Saturday, 7 May 2016

MODELLING AND PAINTING TIPS #2

3. MODELLING TANK COMMANDERS


Not all vehicle kits, come with vehicle commanders, and often you need to fork out more 
money to purchase dedicated sculptures of tank crew.
If your like me you may have a collection of spare body parts, left overs from the Infantry assembly line,not knowing what to do with them.


Recycling British Infantry heads and arms.
With the help of some Green Stuff and a bit of patients ,you can Recycle them and sculpture a beret,headset, goggles and even a partial torso to transform you humble infantryman into skilled tank commander. 


Add-ons to plastic head complete.
Torso modeled with the addition of plastic hand holding mic.
 Back view of figure and fitted into the commanders hatch.
Another tank commander in the making.

How to make a Tank Commander.
  • mount the head on a metal shaft ( I have used both pins and old thin drill bits, the drill bits are better)
  • mix small amount of Green Stuff
  • roll out a variaty of thinly sausage shaped pieces of  Green Stuff
  • use a sculpturing instrument to cut and mould
  • Break down the tasks into section:
    •  Beret (wrap a piece of Green Stuff around the head and then with the use of a instrument push and flatten into shape)
    •  Headset band going over the Beret (start from one side near the ear and place the G S over the Beret, cut excess off and using the flat side of the instrument blade lightly push down to square off the GS)
    • larger Headset circular shape(cut off a small section of GS roll into a ball and place over the ear and using the flat side of the instrument blade lightly push down to square off )
    • smaller Headset circular shape on the large one.(cut off a much small section of GS roll into a ball and place over the the larger ear piece and using the flat side of the instrument blade lightly push down to square off )
    • wires leading from the Headset .(cut off a small section and roll it out into very thin sausage shape and attach to  headset )
    • throat:(wrap a piece of GS around the throat area and then wrap a large piece of GS for the upper body and use of a instrument push into shape)

  1. Hint:  to stop the Green Stuff sticking onto the carving instrument, dampen it in water.
  2. Be patient.  


4. MODELLING METAL CABLES AND CHAINS  ON VEHICLES

I recently stumbled onto this Stringing for Beads and Pearls at my local Arts and Craft store, its great in mimicking steel cables. 
I find the beading string much easier to  manipulated than the metal ones sold in hobby stores.Secure the  beading string with super glue in desired position before priming.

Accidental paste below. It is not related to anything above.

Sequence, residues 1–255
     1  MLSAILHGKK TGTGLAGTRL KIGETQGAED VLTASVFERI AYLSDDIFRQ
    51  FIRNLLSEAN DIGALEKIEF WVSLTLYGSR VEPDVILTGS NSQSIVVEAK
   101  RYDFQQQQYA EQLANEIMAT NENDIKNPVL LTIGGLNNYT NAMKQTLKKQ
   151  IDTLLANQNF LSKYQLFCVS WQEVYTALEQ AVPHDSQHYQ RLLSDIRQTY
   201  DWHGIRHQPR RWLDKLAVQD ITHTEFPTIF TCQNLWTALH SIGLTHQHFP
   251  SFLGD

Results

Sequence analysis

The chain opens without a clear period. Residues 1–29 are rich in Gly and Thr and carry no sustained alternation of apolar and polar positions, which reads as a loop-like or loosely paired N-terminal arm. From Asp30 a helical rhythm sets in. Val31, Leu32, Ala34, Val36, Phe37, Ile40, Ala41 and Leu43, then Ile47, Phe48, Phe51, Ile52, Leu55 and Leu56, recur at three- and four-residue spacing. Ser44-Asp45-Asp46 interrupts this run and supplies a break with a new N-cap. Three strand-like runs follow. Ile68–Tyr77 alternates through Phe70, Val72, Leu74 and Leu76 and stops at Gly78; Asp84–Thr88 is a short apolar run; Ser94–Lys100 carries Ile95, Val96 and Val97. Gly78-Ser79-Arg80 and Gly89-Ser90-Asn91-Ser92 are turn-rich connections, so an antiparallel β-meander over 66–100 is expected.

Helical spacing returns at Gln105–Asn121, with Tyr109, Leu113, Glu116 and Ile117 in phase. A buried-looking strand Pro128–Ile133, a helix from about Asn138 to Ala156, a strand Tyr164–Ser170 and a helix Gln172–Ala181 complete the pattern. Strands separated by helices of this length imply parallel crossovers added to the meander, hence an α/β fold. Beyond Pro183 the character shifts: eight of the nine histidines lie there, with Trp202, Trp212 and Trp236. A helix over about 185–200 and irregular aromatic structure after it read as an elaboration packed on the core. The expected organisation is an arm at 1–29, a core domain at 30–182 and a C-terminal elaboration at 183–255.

It is also possible to tie circular knots at the ends for more realism.
Cheap fake/toy jewelry chain are good for replicating chains on vehicles.


5. MODELLING ANTENNAS  ON VEHICLES

I use black Nylon thread purchased at a Haberdashery store to simulate aerials  on vehicles (use a hobby hand drill to create a thin hole,place superglue into hole and fit Nylon thread, cut to size. 
The Nylon thread that can be purchased at:
 http://www.spotlightstores.com/sewing/haberdashery/sewing-threads/semco-invisible-thread/p/BP80281723



6. MODELLING GRIT AND DIRT
I use 2 methods for applying Grit and Dirt:
Method 1:
 Place PVA and course PUMICE on a mixing slab
Mix the two together with a metal instrument
Apply to selected surfaces on the model prior to undercoating with a old brush.

Method 2:
Apply some PVA onto a slab
Using a old brush apply the PVA glue onto the surface of the vehicle.
Using your fingers sprinkle pumice onto the vehicle covering the areas were the glue was applied.
Shake off the excess and allow to dry.
Imagine showing a completed vehicle using this method.

11 comments:

  1. Incredible work John. Your sculpting is particularly impressive.

    For antennas I've used a bristle "borrowed" from a cheap plastic brush (don't tell the missus). Tbh I don't bother most of the time because it makes the vehicles harder to store and transport.

    ReplyDelete
    Replies
    1. Thank you Andy, yes I too,am constantly looking into my wife's stuff to see if there is anything I can use for my wargaming.
      cheers

      Delete
  2. Great ideas and skill John.
    Do you let the GS dry between each stage and how long did it take to do a tank commander.
    Will give it a try.
    Thanks for sharing,
    Pat.

    ReplyDelete
    Replies
    1. Thank you Pat,
      I first sculpt the head portion and let it set before tackling the neck and torso (the mic on the hand, I will usually add when the torso it set).
      It takes me ruffly about 10 - 15 mins to complete a portion whether its the head or torso by the time you mix the GS, roll it out and start modelling .
      hope this helps
      cheers

      Delete
  3. Superb sculpting and some brilliant tips and ideas!
    Thanks
    Matt

    ReplyDelete
  4. Replies
    1. Thanks for your comment E-4 Airman.

      Delete
  5. I'll certainly be attempting some of these methods on my own tank. Thanks loads for showing us how you get these effects.

    ReplyDelete
  6. Good to hear and ues its good to share info with each other.
    cheers

    ReplyDelete